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Hot Tub - Note for medical necessity


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4 replies to this topic

#1 Jeremy_Davis

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Posted 15 December 2008 - 10:28 AM

I got a call from a participant who is trying to put together his election for the upcoming plan year. His chirporactor told him that if he provides the patient with a note of medical necessity, that it may be able to be run through his flex plan.

This sounded fine at first, but then I asked around the office and it became more complex. It was noted that maybe a home appraisal before and after the hot tub is put into the property may be required. I do not know if he owns or rents. Any thoughts on this?
Thanks

(We're a TPA)

#2 LRDG

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Posted 15 December 2008 - 06:17 PM

The hot tub must be treatment for a diagnoised disease or injury, stated so by the treating physician. It can't be for the general health or well being of the patient.

The expense from the FSA is reimbursable only to the extent the cost exceeds capital gains.

It would involved property assesment prior and post purchase/installation/construction costs of the hot tub.

Establishing capital gains requirement would be the same regardless if the expense were used as a medical expense deduction on income tax return or if claimed from the medical FSA.

The benefit of using the FSA is the expense is not required to exceed 7.5% of income that is required for deduction on tax return.

Edited by LRDG, 15 December 2008 - 11:53 PM.


#3 Eric.

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Posted 16 December 2008 - 11:52 AM

The hot tub must be treatment for a diagnoised disease or injury, stated so by the treating physician. It can't be for the general health or well being of the patient.

The expense from the FSA is reimbursable only to the extent the cost exceeds capital gains.

It would involved property assesment prior and post purchase/installation/construction costs of the hot tub.

Establishing capital gains requirement would be the same regardless if the expense were used as a medical expense deduction on income tax return or if claimed from the medical FSA.

The benefit of using the FSA is the expense is not required to exceed 7.5% of income that is required for deduction on tax return.



As noted, the hot-tub needs to be of medical legitimacy. I suppose the question you have to ask yourself is whether the doctor has provided the necessary and appropriate documentation and leave it at that.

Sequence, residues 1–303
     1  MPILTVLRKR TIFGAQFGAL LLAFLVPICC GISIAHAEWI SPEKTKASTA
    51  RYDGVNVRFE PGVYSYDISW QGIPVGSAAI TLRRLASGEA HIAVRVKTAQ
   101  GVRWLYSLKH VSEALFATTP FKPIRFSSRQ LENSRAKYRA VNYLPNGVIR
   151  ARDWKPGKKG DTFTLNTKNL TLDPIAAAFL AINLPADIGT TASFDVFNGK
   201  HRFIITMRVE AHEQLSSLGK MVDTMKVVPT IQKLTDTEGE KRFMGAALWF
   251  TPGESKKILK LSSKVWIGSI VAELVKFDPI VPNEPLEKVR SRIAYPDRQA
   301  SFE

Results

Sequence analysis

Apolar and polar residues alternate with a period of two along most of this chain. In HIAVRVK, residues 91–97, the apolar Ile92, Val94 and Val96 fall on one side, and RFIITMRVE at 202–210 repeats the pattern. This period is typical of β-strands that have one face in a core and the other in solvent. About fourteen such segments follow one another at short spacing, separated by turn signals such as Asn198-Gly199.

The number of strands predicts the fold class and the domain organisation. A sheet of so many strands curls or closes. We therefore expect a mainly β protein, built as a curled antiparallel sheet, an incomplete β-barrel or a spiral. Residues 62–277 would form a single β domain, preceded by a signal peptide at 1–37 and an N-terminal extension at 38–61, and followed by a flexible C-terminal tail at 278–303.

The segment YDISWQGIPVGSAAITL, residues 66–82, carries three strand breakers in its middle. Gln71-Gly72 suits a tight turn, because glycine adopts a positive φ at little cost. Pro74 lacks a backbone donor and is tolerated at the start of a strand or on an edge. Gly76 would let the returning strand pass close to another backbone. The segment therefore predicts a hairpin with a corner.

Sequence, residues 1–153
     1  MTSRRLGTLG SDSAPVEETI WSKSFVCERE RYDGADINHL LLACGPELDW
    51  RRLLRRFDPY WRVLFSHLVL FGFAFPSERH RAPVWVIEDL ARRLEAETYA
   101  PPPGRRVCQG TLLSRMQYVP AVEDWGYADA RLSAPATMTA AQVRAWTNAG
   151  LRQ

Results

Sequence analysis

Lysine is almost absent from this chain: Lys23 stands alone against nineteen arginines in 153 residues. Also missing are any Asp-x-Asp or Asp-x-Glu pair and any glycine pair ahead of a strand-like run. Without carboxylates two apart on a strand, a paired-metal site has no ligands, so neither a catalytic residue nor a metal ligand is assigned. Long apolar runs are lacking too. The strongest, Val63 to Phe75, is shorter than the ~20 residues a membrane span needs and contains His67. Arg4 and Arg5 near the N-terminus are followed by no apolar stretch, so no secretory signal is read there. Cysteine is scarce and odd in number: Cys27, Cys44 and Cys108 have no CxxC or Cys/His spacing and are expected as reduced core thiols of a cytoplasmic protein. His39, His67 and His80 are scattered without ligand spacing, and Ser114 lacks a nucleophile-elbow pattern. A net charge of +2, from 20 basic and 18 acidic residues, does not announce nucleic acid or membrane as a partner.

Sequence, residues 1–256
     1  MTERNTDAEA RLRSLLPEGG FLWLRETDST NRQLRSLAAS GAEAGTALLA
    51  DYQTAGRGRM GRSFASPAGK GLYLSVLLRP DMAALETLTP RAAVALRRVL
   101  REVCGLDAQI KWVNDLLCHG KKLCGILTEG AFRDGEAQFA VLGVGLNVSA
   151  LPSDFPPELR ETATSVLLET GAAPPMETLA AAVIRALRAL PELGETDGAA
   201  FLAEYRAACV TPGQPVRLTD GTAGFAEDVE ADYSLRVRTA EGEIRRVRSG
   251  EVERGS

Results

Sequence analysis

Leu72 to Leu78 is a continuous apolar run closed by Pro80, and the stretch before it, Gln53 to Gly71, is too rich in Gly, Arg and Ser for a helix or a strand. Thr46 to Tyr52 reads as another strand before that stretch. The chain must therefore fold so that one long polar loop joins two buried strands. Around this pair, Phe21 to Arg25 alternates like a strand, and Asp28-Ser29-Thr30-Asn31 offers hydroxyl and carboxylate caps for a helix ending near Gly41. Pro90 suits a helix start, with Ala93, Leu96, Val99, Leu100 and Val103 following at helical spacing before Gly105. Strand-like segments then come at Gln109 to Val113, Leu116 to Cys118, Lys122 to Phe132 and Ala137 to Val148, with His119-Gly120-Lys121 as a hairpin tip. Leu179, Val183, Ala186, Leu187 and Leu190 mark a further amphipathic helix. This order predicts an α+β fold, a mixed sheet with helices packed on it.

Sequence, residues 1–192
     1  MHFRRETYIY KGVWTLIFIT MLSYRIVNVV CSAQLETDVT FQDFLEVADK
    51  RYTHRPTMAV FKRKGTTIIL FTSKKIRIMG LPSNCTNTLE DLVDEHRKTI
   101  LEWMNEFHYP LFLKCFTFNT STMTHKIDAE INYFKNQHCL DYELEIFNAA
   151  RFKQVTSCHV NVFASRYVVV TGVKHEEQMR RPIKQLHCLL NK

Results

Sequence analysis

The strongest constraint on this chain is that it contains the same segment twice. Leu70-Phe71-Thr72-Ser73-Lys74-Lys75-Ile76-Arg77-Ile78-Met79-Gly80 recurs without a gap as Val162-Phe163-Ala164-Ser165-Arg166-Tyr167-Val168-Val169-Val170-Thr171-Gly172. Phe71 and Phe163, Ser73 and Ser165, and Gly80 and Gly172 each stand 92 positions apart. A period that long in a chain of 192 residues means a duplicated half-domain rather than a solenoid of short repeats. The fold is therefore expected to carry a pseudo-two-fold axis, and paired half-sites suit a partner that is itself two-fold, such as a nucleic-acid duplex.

However, there is also an assumption in your post and in the subsequent reply. It has to do with purchase, installation, home assesments, gain, etc. I have a "portable" hot tub. Made by Softub. It is great, jets are very strong, heater and filter are perfect, my model seats 6 (but maybe 4 adults is a little more comfortable of a number ...) and it is used almost every night. However, because it is considered a "portable" unit, there is no professional installation necessary, no permanancy, no construction, no assesment effect on my home, etc. This is a real possibility for the employee.

Okay - wish I hadn't started writing that - now I'm daydreaming about being in my hottub. Thanks!!! ;)

#4 GBurns

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Posted 16 December 2008 - 02:50 PM

Considering the housing values climate, an appraisal and capital gains considerations could be futile. What purpose would they serve if or when the value of the house with addition of the hot tub soon falls to a lower value during the same tax year ?

House value 1/01/2009 $300,000
Mortgage 260,000
Hot tub 10,000


House value 6/01/2009 $260,000
George D. Burns
Cost Reduction Strategies
Burns and Associates, Inc
www.costreductionstrategies.com(under construction)
www.employeebenefitsstrategies.com(under construction)

#5 LRDG

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Posted 16 December 2008 - 03:14 PM

Despite declining housing market, IRS provides no exception to the requirement that expense is deductible to extent it exceedes capital gains.

The hot tub wouldn't be of much benefit as an investment in the current declining market, potential to lose all it's value with continued decline.

Based on the declining market, it could if anything have a significiently greater tax benefit than a it would in a stronger housing market.